NC, KELYA, PBI: Turnaround Candidates Worth A Look?

NC, KELYA, PBI: Turnaround Candidates Worth A Look?

For a variety of reasons, stock markets tend to overreact on certain issues and overlook some very basic phenomenon. Corporate turnarounds are such cases where markets often tend to discount the work in progress.

However, identifying these early indicators can lead to smart gains for investors. Here are some examples:

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NACCO Industries, Inc. (NYSE: NC) is a holding company for a number of businesses in mining, small appliances and specialty retail. After spinning off its biggest and most profitable business Hyster-Yale Materials Handling Inc (NYSE:HY) in September last year, the stock has largely been range bound.

However, it looks undervalued now amid he latest signs of a turnaround in progress. Helping the turnaround is the company’s exposure to the coal business in the form of North American Coal Corporation. The coal company is doing rather well, unlike the coal industry in general. The business saw revenues growing 60 percent to $132 million while profits grew to $32.8 million last year.

At the same time Hamilton Beach Brands – which accounts for nearly 60 percent of the NACCO Industries, Inc. (NYSE: NC)’s total revenues – saw its business flourishing as a result of a strong holiday season. Both revenues and profits of the small electric appliance business increased during the year.

The drag on the company is the kitchen retail business which swung to a loss during the year but its relatively small size is its saving grace. The company shed nearly $226 million debt in the restructuring and now has only $177.7 million of debt on its book – not bad for equity of $281.4 million.

After the spinoff, the company paid a dividend of 25 cent in the fourth quarter of 2012. Besides retiring debt and paying dividends, the company has also approved an extension of its stock repurchase program through December 2013 – another measure to bolster share price. Two of its largest businesses rely highly on consumer confidence which is on an increase in the U.S. lately.

Job market blues going away

Kelly Services, Inc. (NASDAQ:KELYA) is another turnaround candidate which has already seen some of the benefits of a vibrant job market, which is being factored into the stock price. While the entire staffing pack stands to benefit from the upswing in the job market, Kelly is uniquely placed to make the most of it.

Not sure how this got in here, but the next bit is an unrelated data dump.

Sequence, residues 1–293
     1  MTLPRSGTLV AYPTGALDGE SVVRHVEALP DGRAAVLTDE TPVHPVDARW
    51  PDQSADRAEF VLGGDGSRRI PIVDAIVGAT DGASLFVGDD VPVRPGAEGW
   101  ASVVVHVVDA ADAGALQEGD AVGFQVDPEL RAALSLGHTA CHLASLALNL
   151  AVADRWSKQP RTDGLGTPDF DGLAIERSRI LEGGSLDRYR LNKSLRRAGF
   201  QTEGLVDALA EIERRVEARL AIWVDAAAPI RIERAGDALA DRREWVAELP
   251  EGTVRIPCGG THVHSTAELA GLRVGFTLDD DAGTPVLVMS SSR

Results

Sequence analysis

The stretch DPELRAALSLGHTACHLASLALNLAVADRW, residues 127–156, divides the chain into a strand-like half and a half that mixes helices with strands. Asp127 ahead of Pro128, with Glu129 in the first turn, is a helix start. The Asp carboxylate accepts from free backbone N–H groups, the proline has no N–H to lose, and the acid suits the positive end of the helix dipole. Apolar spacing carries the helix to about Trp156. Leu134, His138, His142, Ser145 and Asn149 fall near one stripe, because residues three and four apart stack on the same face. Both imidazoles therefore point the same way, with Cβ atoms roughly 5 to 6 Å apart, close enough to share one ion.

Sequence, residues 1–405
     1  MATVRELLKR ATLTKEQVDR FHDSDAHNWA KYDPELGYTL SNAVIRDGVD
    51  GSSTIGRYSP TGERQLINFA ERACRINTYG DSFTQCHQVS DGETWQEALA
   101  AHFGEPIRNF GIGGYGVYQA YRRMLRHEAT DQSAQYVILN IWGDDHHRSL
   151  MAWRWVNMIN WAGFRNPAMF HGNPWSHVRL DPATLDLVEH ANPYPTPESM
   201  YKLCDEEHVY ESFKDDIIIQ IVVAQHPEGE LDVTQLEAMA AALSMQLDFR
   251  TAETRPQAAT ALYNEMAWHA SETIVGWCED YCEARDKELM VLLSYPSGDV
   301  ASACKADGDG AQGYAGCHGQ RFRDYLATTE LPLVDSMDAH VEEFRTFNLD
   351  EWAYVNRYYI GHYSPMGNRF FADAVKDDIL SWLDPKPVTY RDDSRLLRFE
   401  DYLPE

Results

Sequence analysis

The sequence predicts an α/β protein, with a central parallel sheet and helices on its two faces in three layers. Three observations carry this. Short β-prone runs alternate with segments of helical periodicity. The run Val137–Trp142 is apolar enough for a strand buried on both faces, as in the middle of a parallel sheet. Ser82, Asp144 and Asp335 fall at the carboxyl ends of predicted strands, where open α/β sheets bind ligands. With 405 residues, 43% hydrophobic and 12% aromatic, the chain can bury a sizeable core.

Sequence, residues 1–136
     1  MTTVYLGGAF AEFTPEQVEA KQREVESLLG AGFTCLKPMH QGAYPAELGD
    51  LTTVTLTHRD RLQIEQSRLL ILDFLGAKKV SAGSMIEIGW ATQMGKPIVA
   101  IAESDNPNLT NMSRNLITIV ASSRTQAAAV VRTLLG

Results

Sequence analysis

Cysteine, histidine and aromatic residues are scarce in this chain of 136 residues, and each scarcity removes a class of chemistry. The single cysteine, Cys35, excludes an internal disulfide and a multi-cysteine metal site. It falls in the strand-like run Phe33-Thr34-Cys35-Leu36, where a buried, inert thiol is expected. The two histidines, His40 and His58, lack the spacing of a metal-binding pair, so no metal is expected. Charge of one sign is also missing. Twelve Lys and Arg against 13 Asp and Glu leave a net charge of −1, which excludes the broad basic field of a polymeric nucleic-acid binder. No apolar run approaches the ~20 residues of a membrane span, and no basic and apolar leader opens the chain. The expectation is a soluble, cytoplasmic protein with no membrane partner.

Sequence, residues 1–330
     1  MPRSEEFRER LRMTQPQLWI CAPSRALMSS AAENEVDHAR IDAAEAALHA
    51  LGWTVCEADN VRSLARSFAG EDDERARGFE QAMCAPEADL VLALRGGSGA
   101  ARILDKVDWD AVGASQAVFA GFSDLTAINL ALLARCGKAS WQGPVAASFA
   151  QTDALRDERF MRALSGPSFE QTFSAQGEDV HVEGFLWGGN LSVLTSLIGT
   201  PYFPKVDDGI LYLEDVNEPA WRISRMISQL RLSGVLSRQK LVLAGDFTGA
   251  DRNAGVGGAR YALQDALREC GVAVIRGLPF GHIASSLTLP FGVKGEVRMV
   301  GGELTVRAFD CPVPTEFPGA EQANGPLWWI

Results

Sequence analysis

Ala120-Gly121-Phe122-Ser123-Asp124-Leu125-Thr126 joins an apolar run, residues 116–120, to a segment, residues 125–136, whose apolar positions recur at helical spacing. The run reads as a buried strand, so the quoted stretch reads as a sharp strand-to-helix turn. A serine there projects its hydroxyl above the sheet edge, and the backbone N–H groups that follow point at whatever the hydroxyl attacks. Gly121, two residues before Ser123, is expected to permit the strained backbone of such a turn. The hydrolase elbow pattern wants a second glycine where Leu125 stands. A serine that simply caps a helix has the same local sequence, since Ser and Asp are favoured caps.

The company has been proactive in repaying its debts in recent years and currently its balance sheet has only $17.9 million in long-term liabilities compared to $741 million of equity. Unlike many other players, Kelly remained profitable in 2011 and 2010.

Nevertheless, not content with its profitability levels, the company’s management undertook a restructuring program in Italy, France and Ireland.  The company has also decided to exit low margin business in India leading to better average bill rates.

While revenues dropped slightly last year, improvements in operations led to better gross and operating margins. As profitability is set to improve in light of these factors, it would not be difficult for the stock to break into a new territory.

Upside down transformations pay

Connecticut based Pitney Bowes Inc. (NYSE:PBI) is a company that invokes imagery of postage meters and mail machines in most investors’ minds – not a very pleasing sign. However, the company is currently undergoing a transformation (and is pretty much through it) – a story that the markets appear to have not noticed.

For the full year, its revenues dropped 7.5 percent to $4.9 billion but there was something worth noticing. The contribution of a new set of software and services has been increasing and contributed more than 50 percent to the total revenue last year.

Margins are much better in these operations as compared to the old business of meters and machines which is why we have seen just a slight drop in overall profitability of the company. The stock offers a staggering 10 percent dividend yield although continuation of this remains clouded due to declining revenue and margins. It’s worth noting that the company bought back about $87 million worth of shares and repaid $50 million in debt during the past year.

Overall, some investment themes are finding favor with the market (which explains the rise of Kelly) while some businesses like postage meters are discounted on face value. As and when the transformation story is shared with the larger set, investors taking an early dip would be rewarded.

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